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Yahoo! Might Turn the Google Search Engine Way

by Tom Bowen
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It was back in April when Yahoo! and Microsoft revised their partnership agreement. Yahoo! got the freedom to enrich the user experience with results from other providers. Recently, Microsoft announced a 10-year collaboration with AOL in which Bing would power AOL’s search results and ads. It’s clear that the relationship between Yahoo! and Microsoft is changing significantly.

Until the revision, Yahoo! exclusively relied on the latter’s search engine Bing to provide search results and ads. Now, it can source as much as 49% of their search results from other providers, including Google.

Yahoo! flexing its wings

Yahoo! took advantage of that new-found freedom recently and conducted some tests using Google search ads in some of its searches. The company made it clear that only a small portion of its desktop and mobile search results would actually contain Google search ads. They fully intend to utilize different search partners and its Gemini system; moving away from exclusively relying on Bing.

Yahoo! still intends to develop its own search products. It launched Gemini over a year ago. Very recently, the company claimed that amongst all its advertisers that adopted Gemini, 36% of the mobile internet traffic was served by Yahoo! Last year, the company collaborated with Mozilla and became the default search provider for the browser. The company then went on to sign a deal with Oracle to include default Yahoo! Search settings on recent Java updates.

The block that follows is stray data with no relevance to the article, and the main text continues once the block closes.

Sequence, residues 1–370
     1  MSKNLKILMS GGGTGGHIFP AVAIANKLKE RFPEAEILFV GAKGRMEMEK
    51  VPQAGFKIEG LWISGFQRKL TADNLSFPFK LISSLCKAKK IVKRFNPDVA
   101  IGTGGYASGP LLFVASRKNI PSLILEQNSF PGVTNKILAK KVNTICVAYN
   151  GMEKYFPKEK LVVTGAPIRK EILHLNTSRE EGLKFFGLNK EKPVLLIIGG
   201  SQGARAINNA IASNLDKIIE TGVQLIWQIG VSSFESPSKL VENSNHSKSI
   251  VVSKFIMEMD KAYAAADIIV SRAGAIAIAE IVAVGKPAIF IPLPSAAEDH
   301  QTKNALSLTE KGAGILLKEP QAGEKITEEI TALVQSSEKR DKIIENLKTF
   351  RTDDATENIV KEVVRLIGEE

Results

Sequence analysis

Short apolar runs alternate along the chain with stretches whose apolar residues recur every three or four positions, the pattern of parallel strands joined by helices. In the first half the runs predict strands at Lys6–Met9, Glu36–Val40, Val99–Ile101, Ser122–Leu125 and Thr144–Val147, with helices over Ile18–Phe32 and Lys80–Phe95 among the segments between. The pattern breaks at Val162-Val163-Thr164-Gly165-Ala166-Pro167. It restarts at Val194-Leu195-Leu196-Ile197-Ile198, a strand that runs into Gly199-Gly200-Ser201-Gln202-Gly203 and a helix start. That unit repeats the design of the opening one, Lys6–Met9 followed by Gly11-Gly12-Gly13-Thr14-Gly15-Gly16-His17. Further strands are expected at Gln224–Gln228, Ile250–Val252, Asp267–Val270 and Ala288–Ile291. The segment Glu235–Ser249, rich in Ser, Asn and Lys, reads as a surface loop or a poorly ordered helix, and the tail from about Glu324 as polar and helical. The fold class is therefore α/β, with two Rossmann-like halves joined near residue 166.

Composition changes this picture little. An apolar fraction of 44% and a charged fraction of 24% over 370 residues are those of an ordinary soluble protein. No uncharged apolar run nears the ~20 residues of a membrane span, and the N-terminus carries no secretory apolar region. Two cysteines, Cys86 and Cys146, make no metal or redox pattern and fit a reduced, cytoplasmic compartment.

Google and Yahoo! history

This isn’t the first collaboration between Yahoo! and Google. In 2008, the two Internet giants signed an ad agreement but the partnership was blocked by the Department of Justice citing anti-trust concerns. The department was clear that the move would deny consumers the benefit of competition. To them, it was a better option for consumers if Google and Yahoo! competed against one another for ads, rather than joined hands.

Regardless, Google is no doubt the dominant player in the search engine landscape. Collaborating with Yahoo! would only extend the company’s reach further. There isn’t a possibility of another anti-trust suit being filed because Yahoo! made it clear that they wouldn’t work exclusively with Google. However, if they take their collaboration further and sketch out a better deal, Google might find itself under scrutiny again.

Many speculate that all the switching between search algorithms might lead to users becoming frustrated as the results would vary. For now, no one is quite sure about Yahoo!’s plans. Would they focus on building their own search product? At the moment, they seem to include ads from Bing, Yahoo, and Google.

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